British Columbia

Homeless people explain decision to camp by CRAB Park as they prepare to fight port authority injunction

Despite the promise of shelter, medical attention and access to a safe supply of drugs given to the residents of Oppenheimer Park, many chose instead to keep living on the streets. The camp by CRAB Park has grown steadily in size and currently has about 60 people.

Port Metro Vancouver wants to clear parking lot site where more than 60 people are now sleeping

A new tent city has sprung up on Vancouver Port Authority property beside Crab Park. Dwellers there are in court June 4 to dispute port authority injunction to evict them for trespassing. (Gord Loverin/CBC News)

Members of a new homeless camp near CRAB Park are set to return to court on Thursday to give their arguments in an injunction fight with Port Metro Vancouver. 

A B.C. Supreme Court justice granted the group of homeless people a one-week delay of the port authority injunction, which said they were trespassing and asked them to vacate the camp by May 28. 

"This gives us time to speak to the people living in the camp, get affidavits and prepare our arguments," said Amandeep Singh, a lawyer representing the campers. 

The new camp was set up shortly after May 8, when the tent city in Oppenheimer Park was closed and the provincial government found housing for more than 300 people who had been living there. 

The camp is situated on a port authority parking lot beside CRAB Park.

Chrissy Brett, one of the campers, said she thought the site was part of the park.

"We didn't know this wasn't part of CRAB Park," she said. "And parks are not really made to live in," she added, saying the parking lot offered a flat area of ground to camp on.

'It's safe here and nobody bothers us'

Despite the promise of shelter, medical attention and access to a safe supply of drugs given to the residents of Oppenheimer Park, many chose instead to keep living on the streets. The camp by CRAB Park has grown steadily in size and currently has about 60 people. 

Their reasons for continuing to sleep rough vary.

New homeless camp resident Bronson says he heard that the new homeless camp near Crab park was like an urban reserve. (Gord Loverin/CBC News)

Bronson and Elaine have slept in doorways, parks and alleys, they said. They've faced violence and had their few possessions stolen, Bronson said.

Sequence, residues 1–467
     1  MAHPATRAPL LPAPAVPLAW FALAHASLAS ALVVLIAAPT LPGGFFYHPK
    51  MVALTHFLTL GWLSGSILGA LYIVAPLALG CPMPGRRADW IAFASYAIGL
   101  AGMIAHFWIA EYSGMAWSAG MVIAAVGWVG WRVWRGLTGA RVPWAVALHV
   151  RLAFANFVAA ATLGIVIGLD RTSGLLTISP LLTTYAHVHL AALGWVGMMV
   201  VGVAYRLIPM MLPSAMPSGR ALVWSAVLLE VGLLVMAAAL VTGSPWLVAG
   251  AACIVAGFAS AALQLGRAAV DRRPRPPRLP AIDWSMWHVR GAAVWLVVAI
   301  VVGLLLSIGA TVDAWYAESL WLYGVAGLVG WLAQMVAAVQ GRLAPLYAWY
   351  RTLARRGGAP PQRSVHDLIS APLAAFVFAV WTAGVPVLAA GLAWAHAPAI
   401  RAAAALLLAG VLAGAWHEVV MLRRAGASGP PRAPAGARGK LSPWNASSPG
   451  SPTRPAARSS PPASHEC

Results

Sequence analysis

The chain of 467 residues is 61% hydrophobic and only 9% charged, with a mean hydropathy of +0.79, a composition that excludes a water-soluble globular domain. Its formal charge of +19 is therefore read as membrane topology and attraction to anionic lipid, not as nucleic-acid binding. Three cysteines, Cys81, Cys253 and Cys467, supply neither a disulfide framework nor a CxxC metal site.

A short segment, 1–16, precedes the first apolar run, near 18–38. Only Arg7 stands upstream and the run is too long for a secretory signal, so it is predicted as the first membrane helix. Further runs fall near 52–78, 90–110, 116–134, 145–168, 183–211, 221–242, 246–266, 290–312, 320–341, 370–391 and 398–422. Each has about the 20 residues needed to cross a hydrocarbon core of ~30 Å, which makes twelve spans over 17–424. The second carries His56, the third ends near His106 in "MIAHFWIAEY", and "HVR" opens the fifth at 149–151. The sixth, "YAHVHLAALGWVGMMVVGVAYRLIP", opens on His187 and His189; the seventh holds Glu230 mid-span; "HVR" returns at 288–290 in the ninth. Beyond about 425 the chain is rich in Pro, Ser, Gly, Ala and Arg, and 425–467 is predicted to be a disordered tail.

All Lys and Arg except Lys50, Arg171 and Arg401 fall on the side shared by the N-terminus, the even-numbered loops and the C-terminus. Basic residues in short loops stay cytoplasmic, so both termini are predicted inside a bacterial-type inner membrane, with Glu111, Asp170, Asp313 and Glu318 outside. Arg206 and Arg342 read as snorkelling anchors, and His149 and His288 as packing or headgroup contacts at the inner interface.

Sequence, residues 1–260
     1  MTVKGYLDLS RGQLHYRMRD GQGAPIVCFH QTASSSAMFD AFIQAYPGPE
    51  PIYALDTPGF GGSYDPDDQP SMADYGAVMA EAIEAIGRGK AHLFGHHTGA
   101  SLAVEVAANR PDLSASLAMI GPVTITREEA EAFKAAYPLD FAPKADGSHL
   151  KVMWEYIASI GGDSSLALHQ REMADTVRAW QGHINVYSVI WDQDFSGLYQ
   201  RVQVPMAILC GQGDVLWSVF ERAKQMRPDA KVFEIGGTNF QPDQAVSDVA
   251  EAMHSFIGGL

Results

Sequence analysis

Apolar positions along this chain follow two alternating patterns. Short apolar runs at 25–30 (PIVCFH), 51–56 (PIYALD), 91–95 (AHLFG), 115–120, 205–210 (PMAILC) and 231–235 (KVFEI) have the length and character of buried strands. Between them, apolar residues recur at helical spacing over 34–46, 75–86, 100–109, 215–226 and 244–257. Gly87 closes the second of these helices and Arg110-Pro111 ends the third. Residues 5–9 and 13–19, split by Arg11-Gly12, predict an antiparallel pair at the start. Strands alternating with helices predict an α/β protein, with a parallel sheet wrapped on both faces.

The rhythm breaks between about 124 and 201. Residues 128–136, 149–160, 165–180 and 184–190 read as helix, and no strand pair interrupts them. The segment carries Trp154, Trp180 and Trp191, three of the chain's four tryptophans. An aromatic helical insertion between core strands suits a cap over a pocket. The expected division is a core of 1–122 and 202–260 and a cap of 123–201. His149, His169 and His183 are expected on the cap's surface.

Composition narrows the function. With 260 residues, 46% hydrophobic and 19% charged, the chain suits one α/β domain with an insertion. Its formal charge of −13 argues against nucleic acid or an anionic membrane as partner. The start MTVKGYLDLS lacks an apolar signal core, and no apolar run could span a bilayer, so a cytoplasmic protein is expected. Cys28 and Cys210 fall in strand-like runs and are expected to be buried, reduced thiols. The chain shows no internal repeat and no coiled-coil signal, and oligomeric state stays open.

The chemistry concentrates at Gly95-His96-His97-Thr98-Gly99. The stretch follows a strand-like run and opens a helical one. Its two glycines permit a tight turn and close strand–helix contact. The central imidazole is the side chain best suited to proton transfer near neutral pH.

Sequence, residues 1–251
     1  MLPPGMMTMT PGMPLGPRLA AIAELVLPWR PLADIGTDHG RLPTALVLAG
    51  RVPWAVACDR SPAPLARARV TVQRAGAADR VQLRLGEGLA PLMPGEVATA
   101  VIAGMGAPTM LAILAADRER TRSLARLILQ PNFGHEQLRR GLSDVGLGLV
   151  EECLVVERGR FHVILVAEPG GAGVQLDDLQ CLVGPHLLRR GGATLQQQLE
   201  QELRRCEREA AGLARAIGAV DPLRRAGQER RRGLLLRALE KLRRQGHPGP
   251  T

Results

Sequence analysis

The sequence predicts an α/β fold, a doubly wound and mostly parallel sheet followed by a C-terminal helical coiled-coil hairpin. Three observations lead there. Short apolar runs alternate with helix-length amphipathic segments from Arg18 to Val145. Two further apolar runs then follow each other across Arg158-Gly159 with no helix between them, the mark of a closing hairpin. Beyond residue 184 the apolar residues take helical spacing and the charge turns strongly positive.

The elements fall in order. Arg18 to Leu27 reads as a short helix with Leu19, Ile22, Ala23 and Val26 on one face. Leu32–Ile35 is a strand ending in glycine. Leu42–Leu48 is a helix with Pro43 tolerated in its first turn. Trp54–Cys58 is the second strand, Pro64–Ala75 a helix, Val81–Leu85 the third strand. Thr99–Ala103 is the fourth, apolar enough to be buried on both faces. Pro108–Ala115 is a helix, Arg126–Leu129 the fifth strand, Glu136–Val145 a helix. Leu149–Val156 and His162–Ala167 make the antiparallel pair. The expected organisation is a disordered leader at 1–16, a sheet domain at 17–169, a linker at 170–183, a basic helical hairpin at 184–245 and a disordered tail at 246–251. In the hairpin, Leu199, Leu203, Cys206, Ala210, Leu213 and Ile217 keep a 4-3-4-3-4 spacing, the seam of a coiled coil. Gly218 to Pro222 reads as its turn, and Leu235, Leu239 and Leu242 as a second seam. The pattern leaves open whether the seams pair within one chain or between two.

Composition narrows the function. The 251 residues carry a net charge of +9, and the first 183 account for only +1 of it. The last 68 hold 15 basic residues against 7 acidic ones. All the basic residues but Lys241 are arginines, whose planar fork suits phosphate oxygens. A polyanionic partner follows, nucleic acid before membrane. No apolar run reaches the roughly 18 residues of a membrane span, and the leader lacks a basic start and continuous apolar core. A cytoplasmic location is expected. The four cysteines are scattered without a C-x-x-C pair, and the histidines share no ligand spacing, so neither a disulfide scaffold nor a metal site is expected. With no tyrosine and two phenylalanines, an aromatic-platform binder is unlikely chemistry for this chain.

The couple made their way to the new camp when they heard there were other Indigenous people there.

"I heard this was like an urban reserve. It's safe here and nobody bothers us," Bronson said. "Living on the streets hasn't been too kind to me, but I lost my wallet here and someone even gave it back."

Tony Pruden said he suffered from depression and was evicted from his Vancouver residence. He lived in shelters afterward, but exhausted the number of days he could stay. He started living on the streets just as Oppenheimer closed, so he made his way to the new camp, he said. 

"I have my tent and a few belongings and that's all I have," he said. "If we're evicted from here I'll just wander the streets because I've no place to be."

The new homeless camp beside Crab Park has grown from 40 campers last week to 60 campers today. (Gord Loverin/CBC News)

'Hereditary support' claim

The injunction says the site is property of the Vancouver Port Authority and campers are trespassing.

But Brett said the property is unceded land of the Coast Salish people, and says she has secured permission to be there.

"We have matriarch support. We have hereditary support through my biological family, who are from one of the local First Nations," she said. Brett didn't clarify which First Nation.

CBC contacted the Musqueam, Tsleil-Waututh and Squamish First Nations to confirm Brett's claim of hereditary support.

Only the Squamish replied, saying it hadn't heard from anyone at the homeless camp. The Musqueam and the Tsleil- Waututh have yet to reply.

But Brett said that doesn't matter.

"We'd like to remind people that elected chiefs and councils are a part of a colonial government system. That is something that's not traditional," she said.

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